Open Access Journal

ISSN: 2183-2439

Article | Open Access

Symbiosis or Precarity? Digital Platforms’ Role on Australian Digital-Native Journalism and Their Funding Models

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Abstract:  Legacy media outlets, especially newspapers, have confronted significant challenges this century due to the shift of advertising revenues to digital platforms like Facebook and Google. Major events like the Global Financial Crisis (2007–2009) and Covid-19 pandemic intensified the financial strain, resulting in further downsizing and newsroom closures. Despite these difficulties, digital-native journalism has experienced widespread growth globally. This article explores funding models of selected digital-native journalism in Australia, drawing on platform dependency theory to address questions of what role digital technology platforms and nascent regulation have played in shaping the state of digital-native journalism in Australia. Australia’s concentrated media ownership landscape and its introduction of the world-first News Media Bargaining Code (NMBC), provide a unique backdrop to examine the economic and regulatory environment that impacts Australia’s digital-native journalism. Using a case-study approach, the research explores seven diverse digital-native news outlets over six years across three time periods: several years after the Global Financial Crisis (2017), just prior to the Covid-19 pandemic (2020–), and after the introduction of the NMBC (2023). Expert interviews provide insights into the role of digital platforms in shaping digital-only media. The digital native fail rate in this study is high (>40%). But we also find that of those that endure, the most successful placed a premium on building a distinctive brand (often through specialized reporting), adopting a diversified (hybrid) funding model, and growing audience share through trust. Most benefited from regulation in the form of the NMBC to increase newsroom resources, yet were also cautious of platform dependency.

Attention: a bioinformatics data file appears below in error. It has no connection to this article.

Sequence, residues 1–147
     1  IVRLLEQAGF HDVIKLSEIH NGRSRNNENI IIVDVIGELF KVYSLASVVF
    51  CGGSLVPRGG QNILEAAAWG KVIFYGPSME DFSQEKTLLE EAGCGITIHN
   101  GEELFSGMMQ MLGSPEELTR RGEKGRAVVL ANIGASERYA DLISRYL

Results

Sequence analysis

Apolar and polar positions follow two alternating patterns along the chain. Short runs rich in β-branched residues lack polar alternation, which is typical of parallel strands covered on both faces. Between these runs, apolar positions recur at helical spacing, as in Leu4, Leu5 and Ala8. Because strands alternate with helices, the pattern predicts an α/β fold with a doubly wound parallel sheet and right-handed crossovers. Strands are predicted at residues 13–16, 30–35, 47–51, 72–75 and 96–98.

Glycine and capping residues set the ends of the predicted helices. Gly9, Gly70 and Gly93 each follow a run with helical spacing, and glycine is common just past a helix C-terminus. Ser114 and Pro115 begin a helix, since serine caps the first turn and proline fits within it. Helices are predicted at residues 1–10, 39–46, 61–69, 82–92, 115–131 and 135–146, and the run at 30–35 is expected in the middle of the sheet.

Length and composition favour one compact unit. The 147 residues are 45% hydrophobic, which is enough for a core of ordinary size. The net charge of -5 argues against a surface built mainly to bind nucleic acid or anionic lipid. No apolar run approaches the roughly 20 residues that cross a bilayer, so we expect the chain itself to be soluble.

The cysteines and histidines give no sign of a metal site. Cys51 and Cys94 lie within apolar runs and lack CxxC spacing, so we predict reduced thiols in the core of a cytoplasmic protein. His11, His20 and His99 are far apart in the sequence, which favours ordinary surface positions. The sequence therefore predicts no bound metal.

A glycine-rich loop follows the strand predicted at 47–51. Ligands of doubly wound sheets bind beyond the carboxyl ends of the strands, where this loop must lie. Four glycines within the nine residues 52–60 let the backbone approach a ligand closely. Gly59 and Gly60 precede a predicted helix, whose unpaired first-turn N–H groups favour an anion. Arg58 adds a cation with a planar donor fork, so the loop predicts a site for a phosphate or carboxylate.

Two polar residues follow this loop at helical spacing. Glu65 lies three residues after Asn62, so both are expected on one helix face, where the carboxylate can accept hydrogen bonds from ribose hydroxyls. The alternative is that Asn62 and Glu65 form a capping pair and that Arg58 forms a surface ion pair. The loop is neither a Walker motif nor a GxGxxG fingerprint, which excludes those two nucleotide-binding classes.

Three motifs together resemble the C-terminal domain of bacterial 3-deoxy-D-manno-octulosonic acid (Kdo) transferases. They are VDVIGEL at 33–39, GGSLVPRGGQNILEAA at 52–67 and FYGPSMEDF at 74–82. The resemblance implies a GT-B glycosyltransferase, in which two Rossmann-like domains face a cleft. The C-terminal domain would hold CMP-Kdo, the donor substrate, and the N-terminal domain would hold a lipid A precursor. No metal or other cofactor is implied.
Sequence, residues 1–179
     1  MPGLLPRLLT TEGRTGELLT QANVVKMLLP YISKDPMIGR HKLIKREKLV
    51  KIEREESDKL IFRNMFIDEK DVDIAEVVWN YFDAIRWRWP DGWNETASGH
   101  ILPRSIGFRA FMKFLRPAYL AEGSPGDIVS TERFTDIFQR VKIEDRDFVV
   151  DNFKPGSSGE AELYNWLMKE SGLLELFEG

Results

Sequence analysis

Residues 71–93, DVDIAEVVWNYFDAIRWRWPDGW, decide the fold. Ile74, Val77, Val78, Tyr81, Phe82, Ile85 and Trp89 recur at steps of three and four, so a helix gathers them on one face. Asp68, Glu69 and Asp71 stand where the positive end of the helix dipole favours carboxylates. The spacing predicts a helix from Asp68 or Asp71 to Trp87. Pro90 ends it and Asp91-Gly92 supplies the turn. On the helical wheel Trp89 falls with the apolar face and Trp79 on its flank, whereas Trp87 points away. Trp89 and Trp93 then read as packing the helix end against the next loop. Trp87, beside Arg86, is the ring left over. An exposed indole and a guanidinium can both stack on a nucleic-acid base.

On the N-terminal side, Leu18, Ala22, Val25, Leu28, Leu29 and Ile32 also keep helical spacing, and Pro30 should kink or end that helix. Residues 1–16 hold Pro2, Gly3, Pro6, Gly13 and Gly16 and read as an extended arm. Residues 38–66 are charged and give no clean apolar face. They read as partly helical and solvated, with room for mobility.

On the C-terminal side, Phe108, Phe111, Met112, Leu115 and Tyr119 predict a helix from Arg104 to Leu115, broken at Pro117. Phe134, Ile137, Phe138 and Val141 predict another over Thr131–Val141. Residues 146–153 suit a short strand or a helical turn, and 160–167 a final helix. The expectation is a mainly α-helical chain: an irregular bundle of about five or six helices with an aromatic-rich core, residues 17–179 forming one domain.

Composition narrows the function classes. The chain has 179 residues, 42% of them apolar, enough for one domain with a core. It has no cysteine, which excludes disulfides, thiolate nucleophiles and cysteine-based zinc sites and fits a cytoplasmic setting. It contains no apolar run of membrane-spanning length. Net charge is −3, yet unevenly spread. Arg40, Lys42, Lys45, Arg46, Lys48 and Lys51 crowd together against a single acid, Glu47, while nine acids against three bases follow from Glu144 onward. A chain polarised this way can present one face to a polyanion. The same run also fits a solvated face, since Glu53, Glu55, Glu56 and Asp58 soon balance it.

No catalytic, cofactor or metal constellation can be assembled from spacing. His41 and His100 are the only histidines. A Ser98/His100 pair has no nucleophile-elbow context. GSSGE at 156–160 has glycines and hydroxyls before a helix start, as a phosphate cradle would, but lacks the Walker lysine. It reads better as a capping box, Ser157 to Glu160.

Keywords:  Australia; digital-native journalism; Facebook; Google; journalism business models; Meta; News Media Bargaining Code; platform dependency; social media; TikTok

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DOI: https://doi.org/10.17645/mac.7529


© Andrea Carson, Denis Muller. This is an open access article distributed under the terms of the Creative Commons Attribution 4.0 license (http://creativecommons.org/licenses/by/4.0), which permits any use, distribution, and reproduction of the work without further permission provided the original author(s) and source are credited.